M. Steven Fish writes: There is a widely held belief in the United States today that Islam is a religion that goads its followers to violence. And indeed, global terrorism today is disproportionately an Islamist phenomenon, as I show in my recent book. The headlines in the past months have been full of Islamist-fueled violence, such as ISIS killing its hostages, the attacks on Charlie Hebdo in Paris, and yesterday’s attack on a Copenhagen café.
And a cursory look at the data shows that from 1994-2008, I found that 204 high-casualty terrorist bombings occurred worldwide and that Islamists were responsible for 125, or 61 percent, of these incidents, accounting for 70 percent of all deaths.
I exclude from the data all terrorist incidents that occurred in Iraq after the American invasion, and I consider attacks on occupying military forces anywhere to be guerilla resistance, not terrorism. I also use a restrictive definition of “Islamist” and classify attacks by Chechen separatists as ethnonational rather than Islamist terrorism. In other words, even when we define both “terrorism” and “Islamist” restrictively, thereby limiting the number of incidents and casualties that can be blamed on Islamists, Islamists come out as the prime culprits.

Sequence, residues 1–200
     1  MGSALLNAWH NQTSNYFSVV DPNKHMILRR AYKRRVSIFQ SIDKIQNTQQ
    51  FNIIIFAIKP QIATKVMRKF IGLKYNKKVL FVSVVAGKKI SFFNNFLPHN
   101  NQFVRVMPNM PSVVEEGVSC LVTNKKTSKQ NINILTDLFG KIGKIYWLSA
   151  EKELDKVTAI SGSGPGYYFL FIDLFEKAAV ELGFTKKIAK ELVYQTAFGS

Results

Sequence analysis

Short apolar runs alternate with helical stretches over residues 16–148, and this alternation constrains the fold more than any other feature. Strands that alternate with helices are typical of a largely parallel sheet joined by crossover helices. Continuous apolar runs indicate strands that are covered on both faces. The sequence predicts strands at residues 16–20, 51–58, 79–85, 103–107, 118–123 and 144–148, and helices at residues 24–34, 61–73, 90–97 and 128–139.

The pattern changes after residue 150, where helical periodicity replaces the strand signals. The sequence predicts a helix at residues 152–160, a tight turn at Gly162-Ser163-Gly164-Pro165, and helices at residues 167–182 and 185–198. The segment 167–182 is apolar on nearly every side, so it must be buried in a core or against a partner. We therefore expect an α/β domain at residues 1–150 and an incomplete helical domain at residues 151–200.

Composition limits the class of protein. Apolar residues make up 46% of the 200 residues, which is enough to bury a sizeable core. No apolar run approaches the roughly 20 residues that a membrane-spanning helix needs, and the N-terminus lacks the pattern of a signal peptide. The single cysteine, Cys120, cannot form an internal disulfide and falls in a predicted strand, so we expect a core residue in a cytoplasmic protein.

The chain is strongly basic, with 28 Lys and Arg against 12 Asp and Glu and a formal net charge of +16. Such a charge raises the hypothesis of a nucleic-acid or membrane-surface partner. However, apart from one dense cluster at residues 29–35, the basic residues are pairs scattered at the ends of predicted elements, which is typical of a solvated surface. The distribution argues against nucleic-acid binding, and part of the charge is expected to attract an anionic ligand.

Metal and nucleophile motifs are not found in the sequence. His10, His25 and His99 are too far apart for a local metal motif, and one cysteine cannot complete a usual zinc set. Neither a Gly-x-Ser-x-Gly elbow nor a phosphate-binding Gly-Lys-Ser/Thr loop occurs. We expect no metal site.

So, all that would seem to suggest Islam is more violent, right?
Not so. Rewind fifty or a hundred years and it was communists, anarchists, fascists, and others who thought than any means justified their glorious ends. Even now, Islamists are by no means the sole perpetrators. The Tamil Tigers in Sri Lanka and Colombia’s “narcoterrorists” blow up civilians and have nothing to do with Islam. In the United States, law enforcement considers the “sovereign citizens movement” to be a greater threat than Islamist terrorists. However, Islamists do commit most of the terrorism globally these days.
Look more closely, though, and you’ll see they don’t attack in the West very often. Of the 125 attacks committed by Islamists that I studied, 77—62 percent — of them were committed in predominantly Muslim countries, and their victims were overwhelmingly other Muslims. Another 40 attacks took place in just three countries — Israel, India, and the Philippines. Only four of the 125 attacks happened in the Western Hemisphere or Europe. They were ghastly and dramatic, just as they were intended to be. But they were, and still are, rare.
That means the risk of an American being killed by any act of terrorism in a given year is roughly one in 3.5 million, and the chances are that the act of terrorism won’t be committed by an Islamist. [Continue reading…]